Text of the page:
If indeed I have no power to quote from authors as they have, it is a far bigger and more worthy thing to read by the light of experience, which is the instructress of their masters. They strut about puffed up and pompous, decked out and adorned not with their own labours but by those of others, and they will not even allow me my own. And if they despise me who am an inventor how much more should blame be given to themselves, who are not inventors but trumpeters and reciters of the works of others?
Those who are inventors and interpreters between Nature and Man as compared with the reciters and trumpeters of the works of others, are to be considered simply as is an object in front of a mirror in comparison with its image when seen in the mirror, the one being something in itself, the other nothing: people whose debt to nature is small, for it seems only by chance that they wear human form, and but for this one might class them with the herds of beasts. c.a. 117 r. b
Seeing that I cannot choose any subject of great utility or pleasure, because my predecessors have already taken as their own all useful and ecessary themes, I will do like one who, because of his poverty, is the last to arrive at the fair, and not being able otherwise to provide himself, chooses all the things which others have already looked over and not taken, but refused as being of little value. With these despised and rejected wares — the leavings of many buyers — I will load my modest pack, and therewith take my course, distributing, not indeed amid the great cities, but among the mean hamlets, and taking such reward as befits the things I offer.
I am fully aware that the fact of my not being a man of letters may cause certain arrogant persons to think that they may with reason censure me, alleging that I am a man ignorant of book-learning. Foolish folk! Do they not know that I might retort by saying, as did Marius to the Roman Patricians: 'They who themselves go about adorned in the labour of others will not permit me my own'? They will say that because of my lack of book-learning, I cannot properly express what I desire to treat of. Do they not know that my subjects require for their exposition experience rather than the words of others ?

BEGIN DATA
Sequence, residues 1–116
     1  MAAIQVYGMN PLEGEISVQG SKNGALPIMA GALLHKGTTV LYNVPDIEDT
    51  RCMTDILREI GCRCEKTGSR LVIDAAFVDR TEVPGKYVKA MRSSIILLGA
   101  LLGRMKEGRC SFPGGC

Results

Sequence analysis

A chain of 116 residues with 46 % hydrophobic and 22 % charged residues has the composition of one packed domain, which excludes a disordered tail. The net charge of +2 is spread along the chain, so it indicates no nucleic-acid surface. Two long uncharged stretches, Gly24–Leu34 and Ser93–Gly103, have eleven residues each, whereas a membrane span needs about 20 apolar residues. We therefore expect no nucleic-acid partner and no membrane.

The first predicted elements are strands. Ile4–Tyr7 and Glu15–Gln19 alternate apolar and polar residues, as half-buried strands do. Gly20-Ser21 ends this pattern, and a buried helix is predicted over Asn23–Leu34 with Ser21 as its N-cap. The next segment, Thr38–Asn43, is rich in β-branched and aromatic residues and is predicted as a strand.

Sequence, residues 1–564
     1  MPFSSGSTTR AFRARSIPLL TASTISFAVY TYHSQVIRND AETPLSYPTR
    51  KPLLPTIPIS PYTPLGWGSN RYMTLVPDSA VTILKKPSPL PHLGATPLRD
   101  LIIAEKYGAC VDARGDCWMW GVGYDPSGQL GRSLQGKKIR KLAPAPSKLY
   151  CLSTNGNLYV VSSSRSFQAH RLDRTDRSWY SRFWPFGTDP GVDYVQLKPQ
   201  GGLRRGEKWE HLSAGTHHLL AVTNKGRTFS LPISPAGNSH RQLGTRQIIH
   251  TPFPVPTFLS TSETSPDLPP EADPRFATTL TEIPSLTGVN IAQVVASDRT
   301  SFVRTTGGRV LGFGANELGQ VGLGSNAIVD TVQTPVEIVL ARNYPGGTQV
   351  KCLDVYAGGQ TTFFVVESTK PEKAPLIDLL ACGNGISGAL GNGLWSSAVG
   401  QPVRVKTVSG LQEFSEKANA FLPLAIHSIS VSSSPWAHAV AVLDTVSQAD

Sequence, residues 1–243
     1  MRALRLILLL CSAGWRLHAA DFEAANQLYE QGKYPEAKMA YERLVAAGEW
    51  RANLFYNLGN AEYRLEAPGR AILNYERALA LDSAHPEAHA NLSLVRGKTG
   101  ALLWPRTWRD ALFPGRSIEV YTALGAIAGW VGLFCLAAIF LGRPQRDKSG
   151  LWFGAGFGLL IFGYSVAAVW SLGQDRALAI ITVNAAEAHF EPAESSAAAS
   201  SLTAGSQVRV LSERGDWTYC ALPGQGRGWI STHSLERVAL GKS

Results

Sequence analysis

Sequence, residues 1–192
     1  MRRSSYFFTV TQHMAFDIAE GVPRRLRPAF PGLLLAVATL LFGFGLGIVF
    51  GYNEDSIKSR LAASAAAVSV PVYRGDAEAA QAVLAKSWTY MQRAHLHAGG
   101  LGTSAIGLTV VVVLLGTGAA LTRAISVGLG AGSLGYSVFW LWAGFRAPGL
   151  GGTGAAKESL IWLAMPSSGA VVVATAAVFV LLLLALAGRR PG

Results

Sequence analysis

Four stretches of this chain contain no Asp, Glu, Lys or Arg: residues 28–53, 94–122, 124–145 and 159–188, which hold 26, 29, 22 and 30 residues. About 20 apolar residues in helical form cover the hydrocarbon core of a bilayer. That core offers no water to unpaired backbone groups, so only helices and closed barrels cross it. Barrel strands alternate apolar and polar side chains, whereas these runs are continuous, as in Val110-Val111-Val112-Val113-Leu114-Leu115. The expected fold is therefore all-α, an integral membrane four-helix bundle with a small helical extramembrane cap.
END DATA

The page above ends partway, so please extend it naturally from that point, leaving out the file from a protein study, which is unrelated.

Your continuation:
And since experience has been the mistress of whoever has written well, I take her as my mistress, and to her in all points make my appeal.
Many will believe that they can with reason censure me, alleging that my proofs are contrary to the authority of certain men who are held in great reverence by their inexperienced judgments, not taking into account that my conclusions were arrived at as a result of simple and plain experience, which is the true mistress.
These rules enable you to discern the true from the false, and thus to set before yourselves only things possible and of more moderation; and they forbid you to use a cloak of ignorance, which will bring about that you attain to no result and in despair abandon yourself to melancholy.
The natural desire of good men is knowledge.
I know that many will call this a useless work, and they will be those of whom Demetrius said that he took no more account of the wind that produced the words in their mouths than of the wind that came out of their hinder parts: men whose only desire is for material riches and luxury and who are entirely destitute of the desire of wisdom, the sustenance and the only true riches of the soul. For as the soul is more worthy than the body so much are the soul's riches more worthy than those of the body. And often when I see one of these men take this work in hand I wonder whether he will not put it to his nose like the ape, and ask me whether it is something to eat. c.a. 119 v. a
Begun in Florence in the house of Piero di Braccio Martelli, on the 22nd day of March, 1508. This will be a collection without order, made up of many sheets which I have copied here, hoping afterwards to arrange them in order in their proper places according to the subjects of which they treat; and I believe that before I am at the end of this I shall have to repeat the same thing several times; and therefore, O reader, blame me not, because the subjects are many, and the memory cannot retain them and say 'this I will not write because I have already written it'. And if I wished to avoid falling into this mistake it would be necessary, in order to prevent repetition, that on every occasion when I wished to transcribe a passage I should always read over all the preceding portion, and this especially because long periods of time elapse between one time of writing and another. b.m. i r.